The Love of Devotion
Chapter 1: In Search of Truth – the Nature of Spiritual Teachers
Several decades passed and I continued down the path of awakening. My first book, The Love of Being Loving, speaks of these years. One never forgets one’s past teachers or disciplines. In my case, Metapsychiatry (and its founder, Dr Thomas Hora) and Christian Science had been my main spiritual influences. Such allegiances are forever enshrined in our heart and continue to help, inspire, and mould us. They are pivotal to our development and our total and absolute devotion to them secures the progress which blossoms from that commitment. The cemented bond between teacher and student surpasses time and space, and the love of a teacher can be beckoned whenever requested. Further, one often has an ongoing commitment to the other students of a teacher and, indeed, the entire group of that pathway. Nevertheless, in spite of loyalties, our inner spiritual drive will take its own path through the terrain it determines is best. It will have its own timing and will guide us to whoever is most beneficial to the next stage of our growth.
Like Attracts Like
I started reading a series of metaphysical books by Dr David R. Hawkins which began to have a significant impact on my spiritual growth. Dr Hawkins’ focus was on the concepts of not juicing the ego, going into an energy field and riding it out, surrender, humility, devotion, and love for everyone and everything, including oneself, at all times. Dr Hawkins and Dr Hora, although appearing at quite different times in my life and with no conscious connection one-to-the-other, came from very similar terrain. We are drawn to a certain field of spiritual truth which resonates with our own inner tendencies and interests. My interest in understanding human consciousness has drawn me to teachers who, themselves, have had a deep interest in human consciousness.
Physicians of the Soul
During the early careers of Hora and Hawkins, New York was a fermenting place of much that was original, brilliant, and challenging in terms of therapy, analysis, and the understanding of the human mind. It is, thus, not surprising that from this fertile and creative ground came dedicated practitioners of mental health who later became dedicated practitioners of spiritual health. Both shared many of the same interests: Zen Buddhism, Taoism, the Christian mystics, existential philosophy, theosophy, Freudian and Jungian analysis, quantum physics, and a profound appreciation of the literature relating to spirituality, healing, consciousness, and nonduality.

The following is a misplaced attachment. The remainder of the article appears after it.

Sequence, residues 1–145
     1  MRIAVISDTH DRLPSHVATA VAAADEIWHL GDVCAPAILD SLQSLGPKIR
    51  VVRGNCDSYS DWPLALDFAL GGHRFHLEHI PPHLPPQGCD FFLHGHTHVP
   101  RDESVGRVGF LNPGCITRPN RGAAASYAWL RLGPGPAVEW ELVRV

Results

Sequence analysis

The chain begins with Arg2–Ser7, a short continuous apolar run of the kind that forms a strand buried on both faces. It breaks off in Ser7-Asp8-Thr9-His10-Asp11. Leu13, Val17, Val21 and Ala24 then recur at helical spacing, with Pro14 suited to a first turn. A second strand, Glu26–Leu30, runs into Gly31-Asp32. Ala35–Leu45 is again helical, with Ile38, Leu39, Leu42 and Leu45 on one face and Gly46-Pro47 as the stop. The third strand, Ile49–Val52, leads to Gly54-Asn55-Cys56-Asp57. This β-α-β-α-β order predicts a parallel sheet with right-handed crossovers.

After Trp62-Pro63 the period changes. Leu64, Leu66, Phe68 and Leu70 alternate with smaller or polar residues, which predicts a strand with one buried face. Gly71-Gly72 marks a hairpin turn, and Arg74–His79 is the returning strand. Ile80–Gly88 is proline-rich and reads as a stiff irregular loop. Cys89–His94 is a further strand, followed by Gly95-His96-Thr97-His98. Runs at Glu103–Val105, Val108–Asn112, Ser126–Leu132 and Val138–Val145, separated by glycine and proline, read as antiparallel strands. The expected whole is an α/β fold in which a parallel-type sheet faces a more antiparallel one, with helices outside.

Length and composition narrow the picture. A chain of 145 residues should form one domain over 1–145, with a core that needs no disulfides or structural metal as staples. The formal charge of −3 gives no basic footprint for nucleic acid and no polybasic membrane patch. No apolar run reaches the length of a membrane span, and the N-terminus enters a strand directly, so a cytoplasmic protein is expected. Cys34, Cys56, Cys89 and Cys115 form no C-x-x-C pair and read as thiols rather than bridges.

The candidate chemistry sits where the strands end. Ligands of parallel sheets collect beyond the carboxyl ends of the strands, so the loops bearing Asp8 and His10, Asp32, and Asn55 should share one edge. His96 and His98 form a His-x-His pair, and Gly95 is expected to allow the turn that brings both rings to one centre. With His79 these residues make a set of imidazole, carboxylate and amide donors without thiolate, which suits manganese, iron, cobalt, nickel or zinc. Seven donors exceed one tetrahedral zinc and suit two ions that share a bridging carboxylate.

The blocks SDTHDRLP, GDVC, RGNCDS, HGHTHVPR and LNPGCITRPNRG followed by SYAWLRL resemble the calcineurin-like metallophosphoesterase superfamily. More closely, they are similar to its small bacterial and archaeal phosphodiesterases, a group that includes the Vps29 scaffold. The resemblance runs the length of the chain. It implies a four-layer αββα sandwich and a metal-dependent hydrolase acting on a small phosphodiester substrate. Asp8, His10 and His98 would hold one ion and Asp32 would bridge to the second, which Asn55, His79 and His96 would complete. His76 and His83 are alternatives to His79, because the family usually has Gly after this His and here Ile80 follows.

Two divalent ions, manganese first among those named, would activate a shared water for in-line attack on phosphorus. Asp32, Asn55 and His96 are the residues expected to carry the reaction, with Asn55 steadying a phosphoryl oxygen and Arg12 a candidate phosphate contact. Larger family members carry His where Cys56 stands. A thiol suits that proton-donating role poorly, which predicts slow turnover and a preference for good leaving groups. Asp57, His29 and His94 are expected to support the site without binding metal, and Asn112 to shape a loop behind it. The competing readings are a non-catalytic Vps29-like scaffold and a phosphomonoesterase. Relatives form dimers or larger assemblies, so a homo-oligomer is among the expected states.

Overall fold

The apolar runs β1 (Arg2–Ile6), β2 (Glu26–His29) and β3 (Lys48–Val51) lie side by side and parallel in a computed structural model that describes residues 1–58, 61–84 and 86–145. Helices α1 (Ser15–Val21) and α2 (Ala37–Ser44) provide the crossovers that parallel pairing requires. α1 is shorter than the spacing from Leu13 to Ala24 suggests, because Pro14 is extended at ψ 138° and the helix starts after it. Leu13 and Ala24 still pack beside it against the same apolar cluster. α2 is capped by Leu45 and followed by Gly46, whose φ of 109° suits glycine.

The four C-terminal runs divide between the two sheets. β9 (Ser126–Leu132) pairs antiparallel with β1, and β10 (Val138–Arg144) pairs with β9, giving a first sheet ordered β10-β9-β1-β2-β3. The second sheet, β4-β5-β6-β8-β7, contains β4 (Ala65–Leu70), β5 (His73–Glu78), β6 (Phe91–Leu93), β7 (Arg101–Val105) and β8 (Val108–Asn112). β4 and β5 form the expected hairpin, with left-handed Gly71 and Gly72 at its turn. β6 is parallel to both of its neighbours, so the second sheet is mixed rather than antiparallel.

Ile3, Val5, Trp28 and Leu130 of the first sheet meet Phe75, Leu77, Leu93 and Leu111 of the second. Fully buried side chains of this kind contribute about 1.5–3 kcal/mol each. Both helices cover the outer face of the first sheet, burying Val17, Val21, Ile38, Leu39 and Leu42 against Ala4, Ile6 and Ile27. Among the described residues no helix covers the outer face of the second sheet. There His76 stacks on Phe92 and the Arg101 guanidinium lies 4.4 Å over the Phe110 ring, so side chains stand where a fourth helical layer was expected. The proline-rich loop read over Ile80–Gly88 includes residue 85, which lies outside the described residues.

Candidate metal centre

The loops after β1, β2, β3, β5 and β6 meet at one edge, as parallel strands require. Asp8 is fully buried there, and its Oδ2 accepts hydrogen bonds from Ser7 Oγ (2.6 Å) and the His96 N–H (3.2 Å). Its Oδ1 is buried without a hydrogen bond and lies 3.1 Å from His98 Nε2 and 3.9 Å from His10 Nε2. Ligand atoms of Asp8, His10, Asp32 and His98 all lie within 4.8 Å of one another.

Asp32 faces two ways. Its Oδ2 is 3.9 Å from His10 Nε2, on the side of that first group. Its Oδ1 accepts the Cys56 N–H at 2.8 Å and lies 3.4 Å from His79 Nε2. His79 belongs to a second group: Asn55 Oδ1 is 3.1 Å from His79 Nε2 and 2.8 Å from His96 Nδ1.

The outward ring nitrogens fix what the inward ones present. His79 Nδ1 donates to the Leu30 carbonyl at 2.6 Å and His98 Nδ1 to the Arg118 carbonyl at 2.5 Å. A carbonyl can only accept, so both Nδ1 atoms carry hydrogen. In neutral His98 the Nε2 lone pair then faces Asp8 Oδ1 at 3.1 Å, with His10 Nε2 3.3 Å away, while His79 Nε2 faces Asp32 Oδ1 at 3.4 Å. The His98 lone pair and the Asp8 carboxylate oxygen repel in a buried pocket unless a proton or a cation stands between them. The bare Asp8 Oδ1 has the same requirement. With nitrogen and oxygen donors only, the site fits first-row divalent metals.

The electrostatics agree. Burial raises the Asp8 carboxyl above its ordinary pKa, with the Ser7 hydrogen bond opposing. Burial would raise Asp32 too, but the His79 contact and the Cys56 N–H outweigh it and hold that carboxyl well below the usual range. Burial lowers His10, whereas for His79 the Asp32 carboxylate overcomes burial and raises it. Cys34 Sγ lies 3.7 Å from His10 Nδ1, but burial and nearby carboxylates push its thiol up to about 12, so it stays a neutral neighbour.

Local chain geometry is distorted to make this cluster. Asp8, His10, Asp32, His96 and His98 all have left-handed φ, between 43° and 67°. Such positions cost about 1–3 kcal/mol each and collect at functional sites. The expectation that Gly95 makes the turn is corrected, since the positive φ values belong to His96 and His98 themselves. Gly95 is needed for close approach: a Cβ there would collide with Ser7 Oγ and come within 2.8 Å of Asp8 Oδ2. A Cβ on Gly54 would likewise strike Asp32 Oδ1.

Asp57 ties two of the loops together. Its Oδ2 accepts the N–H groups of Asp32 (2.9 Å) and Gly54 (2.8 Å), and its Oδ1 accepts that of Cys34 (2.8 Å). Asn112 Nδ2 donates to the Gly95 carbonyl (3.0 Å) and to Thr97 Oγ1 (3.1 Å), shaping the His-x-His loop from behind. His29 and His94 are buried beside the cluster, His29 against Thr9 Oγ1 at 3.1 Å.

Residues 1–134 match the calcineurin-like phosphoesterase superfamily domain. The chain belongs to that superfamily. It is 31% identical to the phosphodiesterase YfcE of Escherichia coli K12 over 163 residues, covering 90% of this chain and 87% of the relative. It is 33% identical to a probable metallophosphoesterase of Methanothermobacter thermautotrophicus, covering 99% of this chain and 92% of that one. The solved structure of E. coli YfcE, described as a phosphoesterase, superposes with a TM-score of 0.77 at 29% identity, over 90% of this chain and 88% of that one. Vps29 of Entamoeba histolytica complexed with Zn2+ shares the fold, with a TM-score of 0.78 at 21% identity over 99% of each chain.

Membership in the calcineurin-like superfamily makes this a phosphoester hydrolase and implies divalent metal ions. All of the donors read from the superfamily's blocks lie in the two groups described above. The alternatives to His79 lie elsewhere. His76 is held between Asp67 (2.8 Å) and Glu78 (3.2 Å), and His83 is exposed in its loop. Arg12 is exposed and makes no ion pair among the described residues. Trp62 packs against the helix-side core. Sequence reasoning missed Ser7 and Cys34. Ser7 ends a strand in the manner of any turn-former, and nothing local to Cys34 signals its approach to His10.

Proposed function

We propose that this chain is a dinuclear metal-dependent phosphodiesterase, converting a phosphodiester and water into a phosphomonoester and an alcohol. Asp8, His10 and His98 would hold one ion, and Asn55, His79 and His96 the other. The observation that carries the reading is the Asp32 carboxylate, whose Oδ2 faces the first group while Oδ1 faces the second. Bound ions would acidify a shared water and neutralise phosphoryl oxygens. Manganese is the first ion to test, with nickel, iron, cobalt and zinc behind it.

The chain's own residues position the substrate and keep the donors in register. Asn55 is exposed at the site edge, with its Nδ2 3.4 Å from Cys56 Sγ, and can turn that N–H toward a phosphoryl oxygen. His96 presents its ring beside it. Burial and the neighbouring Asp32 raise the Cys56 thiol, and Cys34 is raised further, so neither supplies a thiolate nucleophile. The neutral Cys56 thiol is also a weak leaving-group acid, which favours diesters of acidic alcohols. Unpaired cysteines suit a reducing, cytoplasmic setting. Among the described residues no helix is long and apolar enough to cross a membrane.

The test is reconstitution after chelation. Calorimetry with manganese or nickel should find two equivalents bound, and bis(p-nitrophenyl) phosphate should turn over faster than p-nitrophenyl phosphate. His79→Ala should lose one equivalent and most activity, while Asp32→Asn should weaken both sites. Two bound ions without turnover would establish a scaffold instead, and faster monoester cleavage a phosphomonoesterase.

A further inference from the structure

Nonduality is a term which reflects devotion to and love of a spiritual Good which has no opposite. It is a realisation of the tremendous power of the invisible life-force of the Divine. God and man are not seen as separate entities, but as One. Both are held with an attitude of devotional love and this devotion unfolds as a sincere and unrelenting walk towards greater self-realisation. The concept of nondualism is originally derived from the sacred texts of the Upanishads. It finds its source in the Advaita Vedanta tradition of the Hindu philosophy. It is a system of thought which sees the essence of the human soul as indistinguishable from the Absolute. Nonduality does not make sense to the human mind. It is illogical and goes against everything we sense with our human capacities. One has to open the door to a different realm, and then one begins to experientially and spiritually feel it. Understanding nonduality leads naturally to healing because life is seen in a way that is spontaneously elevating.
All the schools of thought that I have seriously studied are based on an understanding of Reality as being nondualistic – there is only one Life, Life is good and only good, and Life is freely available to everyone. Metaphysical disciplines require mental boldness and a fearless and passionate spirituality. Significant suffering and dissatisfaction with the alternatives help the spiritual flame to ignite and continue to burn. The backward drag in the early stages of one’s commitment can be large. Intensity of commitment ensures that the kindling elements of devotion and dedication overcome the immense resistance to forward movement.
Genuine teachers tend to have, in true Zen master style, high expectations of their students. Teachers, worth their salt, take the responsibility of their students very seriously. They do not want to be held responsible for failing to set their standards high enough. As one evolves, one loses concern for being liked. One’s concern, as a teacher, is the evolution of the student. Given that human nature is intrinsically and unavoidably selfish, lazy, proud, and has a great proclivity for procrastination, there are endless opportunities to confront this ego-nature in the evolving soul.